The man’s not for turning

Osborne’s lack of a plan B could prove his undoing. But it is the British people who will pay the pr

George Osborne grandly set out his economic vision in his Mais Lecture to City luminaries earlier this year. A smaller state coupled with higher exports and increased investment were his stated objectives. As Chancellor, he is now pursing these goals and keeping his fingers crossed that after he has hacked off chunks of the public sector, the private sector will step in to fill the gap.

If the unprecedented boom in exports and business investment needed to realise Osborne's plan doesn't show up, his approach, to borrow a phrase from Lady Thatcher, can be described thus: "You turn if you want to; the man's not for turning." Urged on by Tory backbenchers, the Chancellor refuses to countenance a plan B, while his Liberal Democrat coalition partners wonder what brake, if any, the Chief Secretary to the Treasury, Danny Alexander, is applying to this ideological adventure.

Alistair Darling, Osborne's predecessor, set out a plan to halve the deficit in four years starting in March 2011. This was controversial with many within Labour: the balance of tax rises to spending cuts was questioned, as was the need for such rapid fiscal consolidation. Despite this, the judgement of the new Office for Budget Responsibility was clear: the deficit would have been reduced from over 10 per cent of GDP in 2010/11 to 3.9 per cent by 2014/15 under Labour's plans.

Crucially Darling had a plan B. If the economy got worse and the prospects of high unemployment or a double-dip recession increased, the tempo of deficit reduction could be changed accordingly – the pace of fiscal tightening would be set by the pace of economic recovery (Vince Cable, too, argued for this during the election campaign).

Conversely, Osborne has decided to go further and faster. He is planning on tightening by an additional £40bn over Darling's plans by 2014/15, as set out in his June Budget and this month's Spending Review. He has rhetorically lashed himself to the mast of eliminating the structural deficit in one parliament, allowing very little flexibility if the outlook changes. He is also relying more on spending cuts, and less on tax rises, putting him at odds not only with Labour, but also with Ken Clarke.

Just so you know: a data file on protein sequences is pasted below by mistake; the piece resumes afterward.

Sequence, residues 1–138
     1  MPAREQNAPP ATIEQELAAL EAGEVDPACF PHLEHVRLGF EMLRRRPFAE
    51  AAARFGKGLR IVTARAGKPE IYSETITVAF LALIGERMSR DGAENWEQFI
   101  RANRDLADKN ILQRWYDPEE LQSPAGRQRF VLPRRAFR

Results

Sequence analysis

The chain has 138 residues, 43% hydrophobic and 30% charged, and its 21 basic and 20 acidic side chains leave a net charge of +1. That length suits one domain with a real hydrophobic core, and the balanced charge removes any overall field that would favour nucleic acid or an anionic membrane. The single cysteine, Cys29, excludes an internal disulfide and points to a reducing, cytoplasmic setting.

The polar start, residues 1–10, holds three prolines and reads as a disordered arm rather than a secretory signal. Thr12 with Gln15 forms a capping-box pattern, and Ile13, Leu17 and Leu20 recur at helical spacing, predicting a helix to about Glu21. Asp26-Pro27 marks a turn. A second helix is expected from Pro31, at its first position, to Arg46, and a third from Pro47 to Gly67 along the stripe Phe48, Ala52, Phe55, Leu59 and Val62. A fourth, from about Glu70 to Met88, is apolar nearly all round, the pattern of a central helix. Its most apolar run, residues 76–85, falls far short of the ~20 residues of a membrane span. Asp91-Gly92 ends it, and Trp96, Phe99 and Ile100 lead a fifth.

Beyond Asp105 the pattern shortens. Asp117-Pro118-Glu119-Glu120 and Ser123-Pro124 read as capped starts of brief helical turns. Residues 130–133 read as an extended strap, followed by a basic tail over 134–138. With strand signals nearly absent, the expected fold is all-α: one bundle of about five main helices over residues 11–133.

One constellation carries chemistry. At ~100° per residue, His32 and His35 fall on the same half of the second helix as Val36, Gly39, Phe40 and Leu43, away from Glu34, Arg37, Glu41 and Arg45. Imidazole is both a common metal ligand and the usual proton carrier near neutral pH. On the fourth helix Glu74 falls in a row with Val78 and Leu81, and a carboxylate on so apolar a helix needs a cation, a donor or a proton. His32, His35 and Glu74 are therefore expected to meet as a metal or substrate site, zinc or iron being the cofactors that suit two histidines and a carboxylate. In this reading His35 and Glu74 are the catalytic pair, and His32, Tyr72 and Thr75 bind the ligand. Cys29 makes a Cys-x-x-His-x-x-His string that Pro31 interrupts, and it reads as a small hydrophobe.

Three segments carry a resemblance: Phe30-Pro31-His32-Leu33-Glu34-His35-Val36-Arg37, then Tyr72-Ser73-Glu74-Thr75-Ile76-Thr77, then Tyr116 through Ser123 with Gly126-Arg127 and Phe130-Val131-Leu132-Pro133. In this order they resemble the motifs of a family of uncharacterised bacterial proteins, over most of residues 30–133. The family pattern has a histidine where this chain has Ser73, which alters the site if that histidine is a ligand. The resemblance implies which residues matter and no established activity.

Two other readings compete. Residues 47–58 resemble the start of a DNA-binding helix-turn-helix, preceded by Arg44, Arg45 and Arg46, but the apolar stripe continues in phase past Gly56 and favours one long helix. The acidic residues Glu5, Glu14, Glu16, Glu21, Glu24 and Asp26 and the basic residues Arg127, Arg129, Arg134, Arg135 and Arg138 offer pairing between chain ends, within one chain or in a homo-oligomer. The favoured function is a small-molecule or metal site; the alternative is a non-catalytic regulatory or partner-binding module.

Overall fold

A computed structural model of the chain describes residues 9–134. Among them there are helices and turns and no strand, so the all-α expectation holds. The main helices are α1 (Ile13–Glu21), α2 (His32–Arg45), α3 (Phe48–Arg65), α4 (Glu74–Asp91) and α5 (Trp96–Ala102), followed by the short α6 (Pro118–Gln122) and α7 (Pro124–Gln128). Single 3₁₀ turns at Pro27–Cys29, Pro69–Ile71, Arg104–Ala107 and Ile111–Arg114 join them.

The Justice Secretary, while chancellor under John Major in the 1990s, achieved a similar rebalancing of the economy and relied much more on tax rises and less on spending cuts to repair the public finances, in the wake of the last recession, than Osborne proposes now. Then exports and business investment grew strongly, although not as strongly as Osborne needs them to at present. And conditions then were very different from those in 2010: exports were helped by a booming world economy and investment increased by the need for business to respond to the revolution in information technology and communications. Neither seems likely over the next few years.

We should also remember the 1930s and the 1980s. In both cases, state spending was cut back as Tory governments, clinging to approaches variously referred to as "the Treasury view", "sound money" and "monetarism", waited for a private-sector recovery to take hold. Yet, when the problem is too little demand, who seriously advocates cutting back demand further? This is economics driven by ideology and lacking in common sense.

Today the Chancellor's rhetoric has made dealing with the deficit the sole aim of macroeconomic policy but, as the axe falls and jobs are lost from the public sector, there is a great danger that the private sector is not strong enough to absorb the newly unemployed workers. If this proves to be the case, unemployment will rise and, with it, the welfare bill as tax income falls. The deficit will worsen, forcing Osborne, who has left himself with no option, to cut spending further. It is self-defeating austerity that could well create an economic death spiral.